Characteristics of Art Deco Architecture

Art deco architecture is forever linked to the concept of modernism. In fact, the term "art deco" was first used in the 1960s. What we now call art deco was called "modern" during the time that the art and architecture were actually being created.

The times after the end of World War I but before the onset of the Depression were giddy. The Roaring Twenties gave people the sight of Charles Lindberg flying across the Atlantic in an airplane. Motion pictures snapped images onto screens, creating the first movie stars. Mechanization and the machine age meant didn't necessarily mean monotony-it meant streamlined efficiency.

While the Depression turned the giddiness into bread lines, the Depression turned art deco into nationalistic expression and hope for the future.

How did this translate into architecture? Architecture, and art deco art as a whole, became geometric and angular. There were also curved lines in art deco, but these curves imparted strength and power more often than sensuality.

Modern symbols, such as automobiles, were used for decorations along with motifs from ancient Egypt, as Egypt was all the rage after the discovery of King Tutankhamen's tomb in 1922. Birds, machine gears, sunrays and starbursts were also used as well as classical allusions from ancient Greece and Rome.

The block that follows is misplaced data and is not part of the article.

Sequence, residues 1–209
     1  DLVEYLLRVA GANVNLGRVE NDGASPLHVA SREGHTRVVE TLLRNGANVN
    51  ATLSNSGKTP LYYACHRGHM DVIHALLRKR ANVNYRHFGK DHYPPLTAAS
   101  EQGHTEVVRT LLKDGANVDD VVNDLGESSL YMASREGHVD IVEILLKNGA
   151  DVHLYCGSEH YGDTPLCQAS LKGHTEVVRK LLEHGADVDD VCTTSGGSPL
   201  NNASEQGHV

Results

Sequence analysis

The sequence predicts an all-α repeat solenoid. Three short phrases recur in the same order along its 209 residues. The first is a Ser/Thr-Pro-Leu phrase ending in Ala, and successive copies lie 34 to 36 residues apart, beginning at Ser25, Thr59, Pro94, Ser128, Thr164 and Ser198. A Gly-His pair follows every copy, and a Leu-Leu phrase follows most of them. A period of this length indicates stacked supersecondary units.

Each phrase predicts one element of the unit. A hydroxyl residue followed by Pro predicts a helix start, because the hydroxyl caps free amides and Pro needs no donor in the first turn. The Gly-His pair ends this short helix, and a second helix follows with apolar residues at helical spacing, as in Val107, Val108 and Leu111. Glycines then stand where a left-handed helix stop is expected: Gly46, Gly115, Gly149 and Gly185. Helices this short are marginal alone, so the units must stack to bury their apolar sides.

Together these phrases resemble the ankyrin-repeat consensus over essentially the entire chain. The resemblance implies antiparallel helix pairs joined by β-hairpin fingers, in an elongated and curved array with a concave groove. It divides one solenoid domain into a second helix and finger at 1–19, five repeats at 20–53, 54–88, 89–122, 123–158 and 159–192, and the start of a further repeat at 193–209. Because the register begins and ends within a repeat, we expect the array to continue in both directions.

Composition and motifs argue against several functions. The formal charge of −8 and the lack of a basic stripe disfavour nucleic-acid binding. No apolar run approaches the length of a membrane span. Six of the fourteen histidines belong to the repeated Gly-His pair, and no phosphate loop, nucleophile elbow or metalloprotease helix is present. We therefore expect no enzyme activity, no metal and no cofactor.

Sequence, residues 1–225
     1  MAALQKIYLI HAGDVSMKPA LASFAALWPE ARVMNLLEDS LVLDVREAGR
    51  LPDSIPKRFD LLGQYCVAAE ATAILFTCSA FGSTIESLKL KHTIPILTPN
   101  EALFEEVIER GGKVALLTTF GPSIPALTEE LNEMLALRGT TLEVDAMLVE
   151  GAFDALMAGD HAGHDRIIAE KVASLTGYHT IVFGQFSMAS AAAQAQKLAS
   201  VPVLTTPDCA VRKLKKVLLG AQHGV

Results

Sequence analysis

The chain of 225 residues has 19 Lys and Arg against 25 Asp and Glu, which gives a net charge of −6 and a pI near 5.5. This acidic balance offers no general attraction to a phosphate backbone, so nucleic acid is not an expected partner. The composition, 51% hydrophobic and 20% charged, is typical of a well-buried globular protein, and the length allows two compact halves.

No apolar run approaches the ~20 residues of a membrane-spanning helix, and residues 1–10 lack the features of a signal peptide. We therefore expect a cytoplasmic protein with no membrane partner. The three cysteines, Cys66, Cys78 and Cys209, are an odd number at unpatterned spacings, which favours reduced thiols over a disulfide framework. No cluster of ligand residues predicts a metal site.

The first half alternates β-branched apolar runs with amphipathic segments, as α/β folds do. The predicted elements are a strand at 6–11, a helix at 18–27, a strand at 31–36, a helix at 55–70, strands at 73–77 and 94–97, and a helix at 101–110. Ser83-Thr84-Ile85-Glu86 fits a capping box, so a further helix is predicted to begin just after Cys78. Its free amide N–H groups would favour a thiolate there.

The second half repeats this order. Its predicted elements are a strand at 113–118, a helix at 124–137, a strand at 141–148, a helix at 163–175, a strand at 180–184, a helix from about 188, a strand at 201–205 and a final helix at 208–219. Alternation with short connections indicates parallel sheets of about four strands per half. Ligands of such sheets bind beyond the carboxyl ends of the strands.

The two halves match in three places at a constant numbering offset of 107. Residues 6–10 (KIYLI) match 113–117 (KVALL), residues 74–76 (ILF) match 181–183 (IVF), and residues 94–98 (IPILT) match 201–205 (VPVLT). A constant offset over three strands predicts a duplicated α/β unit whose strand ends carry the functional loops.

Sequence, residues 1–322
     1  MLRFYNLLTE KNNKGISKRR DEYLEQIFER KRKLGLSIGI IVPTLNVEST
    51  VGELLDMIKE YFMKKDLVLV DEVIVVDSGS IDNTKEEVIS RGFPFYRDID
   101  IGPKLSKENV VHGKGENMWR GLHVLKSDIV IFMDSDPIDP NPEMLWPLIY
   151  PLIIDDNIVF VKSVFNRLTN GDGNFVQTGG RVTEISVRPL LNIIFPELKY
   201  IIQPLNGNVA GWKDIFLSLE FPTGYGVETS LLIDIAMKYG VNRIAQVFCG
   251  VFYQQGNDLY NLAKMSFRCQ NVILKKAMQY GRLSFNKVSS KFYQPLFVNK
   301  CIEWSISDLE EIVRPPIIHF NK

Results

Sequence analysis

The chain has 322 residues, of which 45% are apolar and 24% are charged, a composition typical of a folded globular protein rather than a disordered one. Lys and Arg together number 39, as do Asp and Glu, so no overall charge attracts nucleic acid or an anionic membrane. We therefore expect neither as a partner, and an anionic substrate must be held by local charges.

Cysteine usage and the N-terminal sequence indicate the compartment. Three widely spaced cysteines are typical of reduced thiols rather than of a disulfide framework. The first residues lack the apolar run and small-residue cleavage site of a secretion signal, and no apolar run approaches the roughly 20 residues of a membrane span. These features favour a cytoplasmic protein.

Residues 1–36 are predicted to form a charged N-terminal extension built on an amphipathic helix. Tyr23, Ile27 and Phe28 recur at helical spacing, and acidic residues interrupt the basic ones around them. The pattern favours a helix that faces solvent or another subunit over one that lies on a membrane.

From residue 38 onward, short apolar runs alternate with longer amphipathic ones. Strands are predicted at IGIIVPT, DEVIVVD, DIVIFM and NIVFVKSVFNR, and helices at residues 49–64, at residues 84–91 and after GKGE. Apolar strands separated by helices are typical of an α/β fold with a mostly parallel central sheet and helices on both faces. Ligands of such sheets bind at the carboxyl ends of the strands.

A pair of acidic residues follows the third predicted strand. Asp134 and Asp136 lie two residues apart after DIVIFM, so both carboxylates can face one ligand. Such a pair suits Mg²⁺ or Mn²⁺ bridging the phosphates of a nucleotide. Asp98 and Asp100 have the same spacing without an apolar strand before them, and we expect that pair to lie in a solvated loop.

Some outstanding examples of art deco architecture include:

  • The Chrysler Building, 1928-1930. New York City, N. Architect: William Van Alen.
  • Golden Gate Bridge, 1933-1937. San Francisco, California. Architect: Joseph B. Straus.
  • Empire State Building, 1931. New York City, New York. Architect: Shreve, Lamb and Harmon.
  • New India Assurance Building, 1936. Mumbai, India. Architect: Master, Sarhe and Bhuta.
  • Buffalo City Hall, 1931. Buffalo, New York. Architect: Dietel, Wade & Jones.
  • Kefhook Housing Estate, 1930. Rotterdam, Netherlands. Architect: J. J. P. Oud.
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